Final Decision Seals Inadequate Process to Restore Snake River Salmon, Revitalize Northwest Communities

Regional Governors, Tribal Engagement, Congressional Leadership Essential to Save Threatened Salmon Runs, Deliver Renewed Prosperity

SEATTLE — The U.S. Army Corps of Engineers’ Record of Decision for the four Lower Snake River Dams finalizes a fundamentally inadequate solution to recover abundant salmon runs. The Record of Decision also fails to deliver the investments Northwest residents have been calling for to revitalize communities, deliver clean and affordable power, support farmers and promote sustainable growth. The National Wildlife Federation and its partners today urged regional governors and Congress to step forward and chart a more comprehensive path forward for the lower Snake River and Columbia River Basin.

“Time is running out and the final decision issued by federal agencies keeps the region on a course that has failed to recover abundant runs of Snake River salmon for two decades while placing the growing financial burden on taxpayers and electricity ratepayers,” said Tom France, Northwest Regional Executive Director for the National Wildlife Federation. “The Northwest can no longer afford to prop up a bloated welfare program for outdated dams that are destroying salmon runs and the jobs and communities that depend on them. It’s time for Congress to take charge and craft a comprehensive legislation package to restore the Snake River to create a healthy, intact river system that works for people, fish and wildlife.”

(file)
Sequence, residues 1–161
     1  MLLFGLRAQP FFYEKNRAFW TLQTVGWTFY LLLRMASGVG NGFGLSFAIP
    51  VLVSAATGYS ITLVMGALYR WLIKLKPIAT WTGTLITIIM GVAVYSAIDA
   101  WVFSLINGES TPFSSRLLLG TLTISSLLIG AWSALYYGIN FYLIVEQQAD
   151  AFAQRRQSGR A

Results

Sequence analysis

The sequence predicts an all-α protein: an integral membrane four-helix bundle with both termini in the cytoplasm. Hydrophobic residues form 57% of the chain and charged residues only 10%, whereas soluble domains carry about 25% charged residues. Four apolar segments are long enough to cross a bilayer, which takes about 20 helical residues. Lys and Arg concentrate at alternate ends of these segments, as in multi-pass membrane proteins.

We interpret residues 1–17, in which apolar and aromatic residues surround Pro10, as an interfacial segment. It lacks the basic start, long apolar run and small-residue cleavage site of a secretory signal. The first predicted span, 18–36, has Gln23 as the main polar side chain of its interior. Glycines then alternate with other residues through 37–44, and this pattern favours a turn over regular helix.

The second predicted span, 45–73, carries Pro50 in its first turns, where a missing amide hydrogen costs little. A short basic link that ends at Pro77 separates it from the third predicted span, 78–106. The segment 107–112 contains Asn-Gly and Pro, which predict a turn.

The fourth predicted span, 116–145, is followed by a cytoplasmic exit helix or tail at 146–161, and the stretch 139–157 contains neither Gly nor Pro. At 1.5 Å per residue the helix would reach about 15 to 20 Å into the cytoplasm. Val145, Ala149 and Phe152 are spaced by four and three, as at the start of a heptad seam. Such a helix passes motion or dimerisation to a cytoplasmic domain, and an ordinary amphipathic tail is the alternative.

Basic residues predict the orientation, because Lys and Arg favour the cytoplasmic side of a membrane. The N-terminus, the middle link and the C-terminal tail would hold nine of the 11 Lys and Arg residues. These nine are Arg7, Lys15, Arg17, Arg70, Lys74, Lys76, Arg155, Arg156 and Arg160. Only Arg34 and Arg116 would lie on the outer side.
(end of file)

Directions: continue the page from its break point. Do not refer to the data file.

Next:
The Record of Decision comes on the heels of the Final Environmental Impact Statement delivered last July after a court rejected a 2016 plan for salmon recovery — the fifth to be invalidated by three judges in over two decades. 

Since the final construction of the dams in the 1970s, 13 species of salmon and steelhead have been listed threatened according to the Endangered Species Act. Despite decades of habitat recovery attempts at the cost more than $17 billion, 2020 salmon and steelhead returns remain perilously low, forcing emergency fishing closures — and economic devastation — in Washington, Oregon and Idaho fishing communities. 

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